First Time Homebuyer Tax Credit
After the 2008 housing market crash and subsequent recession, the Federal Government decided to incorporate a first time homebuyer tax credit to stimulate the ailing housing market. Designed to give a monetary incentive to those considering a home purchase, the tax credit was enacted as part of the Housing and Economic Recovery Act of 2008. The American Recovery and Reinvestment Act of 2009 extended it into 2009, and then the Worker, Homeownership and Business Assistance Act of 2009 again extended it until September of 2010. Read on for more information on the first time homebuyer tax credit and how it worked.
- The 2008 first time homebuyer tax credit. Because lawmakers were still uncertain as to how deep the coming recession would be, the 2008 version of the tax credit was a little less generous than later incarnations. In this version, those who bought a home in 2008 were eligible for a tax credit of up to $7,500. The catch, however, was that the credit wasn’t really free money. In fact, it was more like an interest free loan. Those who claimed it entered into an agreement that has them pay the money back in yearly installments.
- The 2009 first time homebuyer tax credit. As the recession grew worse and the housing market continued to struggle, it became clear to the Federal Government would need a stronger incentive to entice potential homeowners to pull the trigger. In response to this realization American Recovery and Reinvestment Act amended the first time homebuyer tax credit. First and foremost, they removed the stipulation that stated the credit needed to be repaid for those who made home purchases in 2009. Other terms, including the maximum credit amount and income level qualifications, remained almost exactly the same. This version of the credit remained in effect until December first of 2009.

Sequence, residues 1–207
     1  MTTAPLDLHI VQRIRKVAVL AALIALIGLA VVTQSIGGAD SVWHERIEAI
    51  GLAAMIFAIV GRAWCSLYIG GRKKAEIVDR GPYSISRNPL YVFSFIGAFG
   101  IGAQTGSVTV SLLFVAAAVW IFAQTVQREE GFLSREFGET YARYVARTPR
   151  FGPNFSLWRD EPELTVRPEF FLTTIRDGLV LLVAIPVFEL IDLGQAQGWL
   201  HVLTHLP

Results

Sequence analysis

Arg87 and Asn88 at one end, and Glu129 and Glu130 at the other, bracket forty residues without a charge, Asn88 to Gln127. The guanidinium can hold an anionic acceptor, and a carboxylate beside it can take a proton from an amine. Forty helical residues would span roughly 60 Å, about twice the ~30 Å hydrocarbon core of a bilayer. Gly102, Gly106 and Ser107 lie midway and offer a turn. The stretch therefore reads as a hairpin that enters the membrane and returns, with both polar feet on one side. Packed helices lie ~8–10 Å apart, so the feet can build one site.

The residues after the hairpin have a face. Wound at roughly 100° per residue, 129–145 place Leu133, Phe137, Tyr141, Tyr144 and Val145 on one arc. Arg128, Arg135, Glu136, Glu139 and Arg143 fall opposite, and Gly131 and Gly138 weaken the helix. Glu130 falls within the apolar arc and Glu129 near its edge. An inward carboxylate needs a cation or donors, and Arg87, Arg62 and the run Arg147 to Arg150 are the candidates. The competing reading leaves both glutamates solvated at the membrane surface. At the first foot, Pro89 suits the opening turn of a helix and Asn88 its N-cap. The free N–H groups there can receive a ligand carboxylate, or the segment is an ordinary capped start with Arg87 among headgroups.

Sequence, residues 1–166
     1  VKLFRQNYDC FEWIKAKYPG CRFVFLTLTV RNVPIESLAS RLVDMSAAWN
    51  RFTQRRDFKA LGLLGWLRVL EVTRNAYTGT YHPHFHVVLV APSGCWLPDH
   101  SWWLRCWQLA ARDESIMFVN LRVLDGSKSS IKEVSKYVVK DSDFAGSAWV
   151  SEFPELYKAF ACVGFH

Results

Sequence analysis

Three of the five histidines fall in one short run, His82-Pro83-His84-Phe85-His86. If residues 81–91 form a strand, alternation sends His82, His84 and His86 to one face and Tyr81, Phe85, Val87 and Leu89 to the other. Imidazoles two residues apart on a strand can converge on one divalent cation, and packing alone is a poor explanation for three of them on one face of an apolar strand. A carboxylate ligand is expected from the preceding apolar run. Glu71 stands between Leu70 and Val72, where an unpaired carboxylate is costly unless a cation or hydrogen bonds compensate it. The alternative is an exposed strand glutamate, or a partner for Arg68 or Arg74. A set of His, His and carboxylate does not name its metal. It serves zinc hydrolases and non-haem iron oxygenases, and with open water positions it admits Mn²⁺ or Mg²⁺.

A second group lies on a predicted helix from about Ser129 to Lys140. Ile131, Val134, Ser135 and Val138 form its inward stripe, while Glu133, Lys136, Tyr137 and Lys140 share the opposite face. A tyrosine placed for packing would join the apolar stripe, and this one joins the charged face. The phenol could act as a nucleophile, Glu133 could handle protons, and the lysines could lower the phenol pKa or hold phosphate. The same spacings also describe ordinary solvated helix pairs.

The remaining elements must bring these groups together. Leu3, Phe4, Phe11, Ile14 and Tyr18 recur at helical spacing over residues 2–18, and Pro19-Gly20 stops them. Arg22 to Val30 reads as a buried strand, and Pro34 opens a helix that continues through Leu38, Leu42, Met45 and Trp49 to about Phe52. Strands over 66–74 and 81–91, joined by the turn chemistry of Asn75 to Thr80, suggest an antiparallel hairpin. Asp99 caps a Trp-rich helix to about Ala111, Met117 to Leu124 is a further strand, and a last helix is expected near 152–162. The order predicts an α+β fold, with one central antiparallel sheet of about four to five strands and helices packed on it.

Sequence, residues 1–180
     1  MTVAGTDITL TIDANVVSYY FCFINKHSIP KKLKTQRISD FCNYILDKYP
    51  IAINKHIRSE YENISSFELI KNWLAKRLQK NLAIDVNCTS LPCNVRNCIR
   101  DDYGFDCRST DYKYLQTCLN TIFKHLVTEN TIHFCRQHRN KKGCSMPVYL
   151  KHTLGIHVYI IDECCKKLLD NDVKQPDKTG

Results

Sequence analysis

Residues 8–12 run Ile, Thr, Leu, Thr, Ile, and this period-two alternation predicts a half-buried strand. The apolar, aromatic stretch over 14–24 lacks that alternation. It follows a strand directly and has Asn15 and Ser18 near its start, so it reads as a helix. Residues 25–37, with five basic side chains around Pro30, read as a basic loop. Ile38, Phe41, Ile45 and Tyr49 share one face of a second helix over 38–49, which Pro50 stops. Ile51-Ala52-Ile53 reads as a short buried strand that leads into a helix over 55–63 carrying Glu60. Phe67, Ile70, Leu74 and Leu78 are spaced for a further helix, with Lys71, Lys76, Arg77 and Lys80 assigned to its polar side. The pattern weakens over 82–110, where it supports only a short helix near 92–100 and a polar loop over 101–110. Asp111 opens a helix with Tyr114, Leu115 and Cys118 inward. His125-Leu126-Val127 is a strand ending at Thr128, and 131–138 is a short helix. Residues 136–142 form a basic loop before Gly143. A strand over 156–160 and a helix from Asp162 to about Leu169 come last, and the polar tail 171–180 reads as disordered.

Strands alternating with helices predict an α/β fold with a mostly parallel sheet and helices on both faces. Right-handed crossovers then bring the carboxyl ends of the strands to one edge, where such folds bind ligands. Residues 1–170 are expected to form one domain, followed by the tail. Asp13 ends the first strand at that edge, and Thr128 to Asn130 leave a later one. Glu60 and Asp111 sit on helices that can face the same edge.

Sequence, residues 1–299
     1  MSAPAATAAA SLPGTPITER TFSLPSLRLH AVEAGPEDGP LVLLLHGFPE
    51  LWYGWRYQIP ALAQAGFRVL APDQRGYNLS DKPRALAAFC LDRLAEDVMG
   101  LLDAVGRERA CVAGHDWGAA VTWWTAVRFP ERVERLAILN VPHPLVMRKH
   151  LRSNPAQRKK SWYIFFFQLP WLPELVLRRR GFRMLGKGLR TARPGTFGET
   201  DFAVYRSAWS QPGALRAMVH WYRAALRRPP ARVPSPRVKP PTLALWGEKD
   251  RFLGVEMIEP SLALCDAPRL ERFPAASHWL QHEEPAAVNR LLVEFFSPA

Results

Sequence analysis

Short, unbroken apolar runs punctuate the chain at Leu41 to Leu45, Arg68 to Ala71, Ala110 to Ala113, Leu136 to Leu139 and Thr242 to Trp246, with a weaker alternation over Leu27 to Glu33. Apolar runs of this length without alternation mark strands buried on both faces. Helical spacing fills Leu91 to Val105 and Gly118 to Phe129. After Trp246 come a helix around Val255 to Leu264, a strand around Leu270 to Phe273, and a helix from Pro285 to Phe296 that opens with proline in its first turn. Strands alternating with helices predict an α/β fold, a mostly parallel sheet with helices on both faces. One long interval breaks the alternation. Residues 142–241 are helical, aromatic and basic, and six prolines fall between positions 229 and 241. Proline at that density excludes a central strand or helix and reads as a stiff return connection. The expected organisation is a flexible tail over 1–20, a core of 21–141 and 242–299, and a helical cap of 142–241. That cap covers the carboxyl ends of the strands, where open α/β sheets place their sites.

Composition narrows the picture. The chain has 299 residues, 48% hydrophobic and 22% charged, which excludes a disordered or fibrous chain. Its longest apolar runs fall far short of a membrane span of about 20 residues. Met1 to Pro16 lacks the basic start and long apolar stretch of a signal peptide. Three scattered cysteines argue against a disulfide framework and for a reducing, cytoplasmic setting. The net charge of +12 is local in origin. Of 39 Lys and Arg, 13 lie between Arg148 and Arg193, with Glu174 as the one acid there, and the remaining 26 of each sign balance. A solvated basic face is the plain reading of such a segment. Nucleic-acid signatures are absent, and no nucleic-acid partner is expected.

- The 2010 extension. The Worker, Homeownership and Business Assistance Act, passed in the late months of 2009, extended and again amended the first time homebuyer tax credit. In terms of qualifications, the credit was expanded to previous homeowners purchasing a new home, not just first-timers. The temporal extension, meanwhile, was carried all the way to homes purchased before April thirtieth of 2010. This would prove to be the last extension. All in all, the credit is generally considered to have made a decent dent in the gaping hole that was the post-crash housing market. Well over a million families took advantage of it, helping to improve both their own quality of life and the American economy as a whole.